Little Dogs

Ever since the Polish photographer Maciej Dakowicz documented the debauchery of South Wales nightlife in a series called ‘Cardiff at Night’, there has been a kind of perverse glamour in images of scantily-clad girls and young women falling down drunk whilst roaming gangs of check-shirted ‘roiders’ look on gormlessly. Being as Swansea’s nightlife is, as depicted here, even ‘scruttier’ – to use the evocative local parlance (think ‘slut’ meets ‘scrubber’ and you’ve got it) – than that of the capital, an artistic documentation of ‘Swansea at Night’ was inevitable at some point. The surprise is in the form it takes: Frantic Assembly, formed in the city in 1994, have a history of producing physical works combining music and movement, text and design, and this collaboration with National Theatre Wales is loosely based on a Dylan Thomas short story.

The first scene of this fast-moving promenade performance takes place in a mid-twentieth century genteel living room of this type the town’s most famous son would have been intimately familiar. But the set is soon stripped down to reveal a backdrop of a peeling billboard, a smashed up car, piles of binbags. A gang of hooded youths perform energetic contemporary dance to the throb of club music. Thomas would recognise the drunkenness, sex obsession and formlessness that informs these characters’ lives, but Frantic Assembly’s dynamic, physical theatre bears as little direct resemblance to the source material as do the lives of Swansea’s older denizens to those of their grandchildren.

Little Dogs National Theatre Wales / Frantic Assembly review
Little Dogs
National Theatre Wales / Frantic Assembly
Patti Pavilion, Swansea

 

This generation gap is central to the piece. We are presented with a series of tableaux representing the lives of Swansea youth, without recourse to sentiment. One particularly memorable scene centred on a row of toilet cubicles in a city centre nightclub; we are ‘treated’ to a technicolour display of fornicating, defecating and regurgitating, clothes-swapping and partner-swapping to make even the most liberal-minded members of the audience question the moral compass of the younger generation and the nation which not only lets them get away with such behaviour but in so many ways actively encourages it.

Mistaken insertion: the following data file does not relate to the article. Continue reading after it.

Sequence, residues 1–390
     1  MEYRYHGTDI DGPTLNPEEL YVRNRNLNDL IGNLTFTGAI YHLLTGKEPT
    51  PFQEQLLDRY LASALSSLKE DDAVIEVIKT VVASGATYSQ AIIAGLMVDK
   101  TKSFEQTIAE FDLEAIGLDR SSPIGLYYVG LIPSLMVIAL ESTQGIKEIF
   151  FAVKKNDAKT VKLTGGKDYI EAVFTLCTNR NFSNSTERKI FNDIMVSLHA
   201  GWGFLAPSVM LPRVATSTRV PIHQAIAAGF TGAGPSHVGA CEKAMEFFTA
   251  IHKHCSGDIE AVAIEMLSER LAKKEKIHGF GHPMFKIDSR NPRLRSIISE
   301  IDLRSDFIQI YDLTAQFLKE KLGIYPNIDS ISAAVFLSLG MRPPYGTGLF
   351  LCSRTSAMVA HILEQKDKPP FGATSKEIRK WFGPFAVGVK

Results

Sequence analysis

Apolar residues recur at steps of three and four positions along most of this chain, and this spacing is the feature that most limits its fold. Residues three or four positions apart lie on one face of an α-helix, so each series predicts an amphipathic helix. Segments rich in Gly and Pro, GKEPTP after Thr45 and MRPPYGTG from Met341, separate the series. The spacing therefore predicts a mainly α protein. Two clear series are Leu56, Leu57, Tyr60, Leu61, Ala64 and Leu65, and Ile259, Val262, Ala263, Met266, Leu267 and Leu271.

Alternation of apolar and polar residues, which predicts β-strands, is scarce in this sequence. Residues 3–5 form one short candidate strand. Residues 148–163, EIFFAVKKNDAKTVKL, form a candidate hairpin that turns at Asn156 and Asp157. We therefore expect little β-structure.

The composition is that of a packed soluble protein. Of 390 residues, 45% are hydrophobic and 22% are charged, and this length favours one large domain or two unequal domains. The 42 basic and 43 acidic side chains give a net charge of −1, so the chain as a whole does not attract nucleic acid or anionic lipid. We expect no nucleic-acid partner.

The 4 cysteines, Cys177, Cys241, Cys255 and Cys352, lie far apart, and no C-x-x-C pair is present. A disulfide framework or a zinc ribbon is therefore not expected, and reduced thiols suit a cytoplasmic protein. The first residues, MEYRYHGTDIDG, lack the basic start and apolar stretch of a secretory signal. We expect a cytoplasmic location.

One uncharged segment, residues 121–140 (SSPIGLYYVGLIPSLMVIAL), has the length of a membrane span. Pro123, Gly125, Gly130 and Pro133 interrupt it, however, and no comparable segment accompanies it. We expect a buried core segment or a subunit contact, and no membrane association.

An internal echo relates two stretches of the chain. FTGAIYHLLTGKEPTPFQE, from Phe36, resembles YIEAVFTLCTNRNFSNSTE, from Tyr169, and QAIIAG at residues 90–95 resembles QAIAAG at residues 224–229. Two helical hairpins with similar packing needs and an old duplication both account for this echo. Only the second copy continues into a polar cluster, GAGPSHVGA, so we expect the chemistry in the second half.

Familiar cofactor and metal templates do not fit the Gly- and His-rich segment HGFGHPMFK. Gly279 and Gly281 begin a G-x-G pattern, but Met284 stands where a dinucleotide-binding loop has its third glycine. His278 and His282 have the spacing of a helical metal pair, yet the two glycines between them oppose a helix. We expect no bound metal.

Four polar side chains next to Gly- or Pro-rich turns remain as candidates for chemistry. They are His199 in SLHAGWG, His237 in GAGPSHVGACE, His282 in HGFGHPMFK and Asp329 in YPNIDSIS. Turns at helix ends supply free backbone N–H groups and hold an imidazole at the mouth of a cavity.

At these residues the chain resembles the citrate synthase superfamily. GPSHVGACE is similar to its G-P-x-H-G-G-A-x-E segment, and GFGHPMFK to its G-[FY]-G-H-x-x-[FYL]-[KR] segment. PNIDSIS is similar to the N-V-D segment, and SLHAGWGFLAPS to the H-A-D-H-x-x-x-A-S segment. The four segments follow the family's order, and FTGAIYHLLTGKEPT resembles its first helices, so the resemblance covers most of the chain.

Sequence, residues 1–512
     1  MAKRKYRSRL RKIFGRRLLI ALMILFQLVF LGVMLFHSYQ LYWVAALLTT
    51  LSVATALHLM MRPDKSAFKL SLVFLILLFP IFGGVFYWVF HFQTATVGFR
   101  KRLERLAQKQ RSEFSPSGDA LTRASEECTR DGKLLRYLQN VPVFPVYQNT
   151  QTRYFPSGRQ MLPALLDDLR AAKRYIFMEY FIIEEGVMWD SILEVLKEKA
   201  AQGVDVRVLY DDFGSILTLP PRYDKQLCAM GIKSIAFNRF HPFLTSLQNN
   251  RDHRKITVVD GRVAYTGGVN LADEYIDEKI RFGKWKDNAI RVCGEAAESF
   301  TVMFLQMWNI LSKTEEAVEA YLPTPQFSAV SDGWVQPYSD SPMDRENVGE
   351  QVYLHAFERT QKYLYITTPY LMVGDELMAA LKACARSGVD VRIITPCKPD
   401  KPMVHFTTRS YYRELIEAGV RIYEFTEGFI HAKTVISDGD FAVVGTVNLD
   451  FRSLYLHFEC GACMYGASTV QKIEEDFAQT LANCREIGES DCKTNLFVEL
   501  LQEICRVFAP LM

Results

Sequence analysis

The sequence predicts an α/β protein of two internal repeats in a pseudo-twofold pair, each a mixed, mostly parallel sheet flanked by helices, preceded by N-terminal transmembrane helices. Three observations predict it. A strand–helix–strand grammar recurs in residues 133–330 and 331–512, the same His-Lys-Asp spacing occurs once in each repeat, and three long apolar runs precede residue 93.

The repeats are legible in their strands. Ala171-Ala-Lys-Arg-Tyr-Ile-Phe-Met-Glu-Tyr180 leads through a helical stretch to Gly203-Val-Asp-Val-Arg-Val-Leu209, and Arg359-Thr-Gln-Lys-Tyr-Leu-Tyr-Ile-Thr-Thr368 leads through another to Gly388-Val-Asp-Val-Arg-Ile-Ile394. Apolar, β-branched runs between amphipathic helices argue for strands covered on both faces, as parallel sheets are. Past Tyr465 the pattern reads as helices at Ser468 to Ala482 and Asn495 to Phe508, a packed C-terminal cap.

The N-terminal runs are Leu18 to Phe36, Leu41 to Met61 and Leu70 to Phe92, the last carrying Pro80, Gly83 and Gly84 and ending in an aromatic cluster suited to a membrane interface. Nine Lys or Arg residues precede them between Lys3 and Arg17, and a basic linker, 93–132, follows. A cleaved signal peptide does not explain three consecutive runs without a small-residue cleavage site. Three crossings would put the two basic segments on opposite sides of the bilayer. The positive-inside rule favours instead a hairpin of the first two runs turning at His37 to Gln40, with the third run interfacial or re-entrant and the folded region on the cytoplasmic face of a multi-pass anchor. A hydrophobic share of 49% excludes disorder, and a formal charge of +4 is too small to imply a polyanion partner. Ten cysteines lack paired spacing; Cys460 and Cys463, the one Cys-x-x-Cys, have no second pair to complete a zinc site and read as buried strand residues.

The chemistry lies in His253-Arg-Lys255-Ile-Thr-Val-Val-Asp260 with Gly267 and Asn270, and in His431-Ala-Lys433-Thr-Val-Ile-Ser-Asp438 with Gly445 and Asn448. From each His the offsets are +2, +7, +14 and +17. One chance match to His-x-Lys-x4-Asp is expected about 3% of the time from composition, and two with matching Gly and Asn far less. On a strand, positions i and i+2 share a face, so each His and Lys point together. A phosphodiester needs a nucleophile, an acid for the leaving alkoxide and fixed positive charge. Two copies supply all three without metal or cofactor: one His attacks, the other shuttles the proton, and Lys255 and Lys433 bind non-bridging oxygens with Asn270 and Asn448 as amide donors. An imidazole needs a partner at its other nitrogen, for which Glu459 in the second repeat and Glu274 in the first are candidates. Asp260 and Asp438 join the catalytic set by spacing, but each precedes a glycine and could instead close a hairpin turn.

And this is the rub, for me (for most of the characters, the ‘rub’ involves genitalia). In presenting the lives of a generation of mixed-up teenagers with a cast of twenty-somethings and in such an unflinching way, Little Dogs casts a whole generation in a negative light. Sian Phillips, whose grandmotherly figure presides over many of the scenes with a benign but saddened presence, gives a wonderfully strident monologue as the play’s finale. But the most touching scene is when she comforts a lonely boy at a bus stop, singing with him a lullaby long forgotten. We are not encouraged to celebrate or condemn these characters, this generation; we are required to sympathise. Given that the devised nature of the piece leaves us with a lack of depth to the script – we only know one aspect of their existence – it seems to me a patronising response.

Little Dogs works wonderfully as art installation: Tim Dickel’s sets are powerfully imbued with symbolic depth, and the way we are shunted back and forth across the historic floor of the Patti Pavilion is reminiscent of how we might approach an open-plan gallery. It is also full of pulsating music, energetic dance and movement and some highly memorable vignettes. I’ll never forget Jordan Bernarde removing the knickers of so many past conquests out of his own clothes, but tellingly this moment loses rather than gains power when it is reprised with teddy bears and a repeat of the same speech in a different tone.

The writing is not bad, it is average – and this is its undoing. Set against such music, movement and a stunning visual panorama, this feast for the senses is let down slightly not by its lack of narrative – for the lives it describes similarly lack shape, structure and meaning – but by a failure of its words to strike at the heart in the same way as its audio-visual urgency. In this triumph of style over substance, perhaps, one might conclude the company have inadvertently stumbled on something profound about the generation they portray. But there is more to young people than falling down drunk. Isn’t there?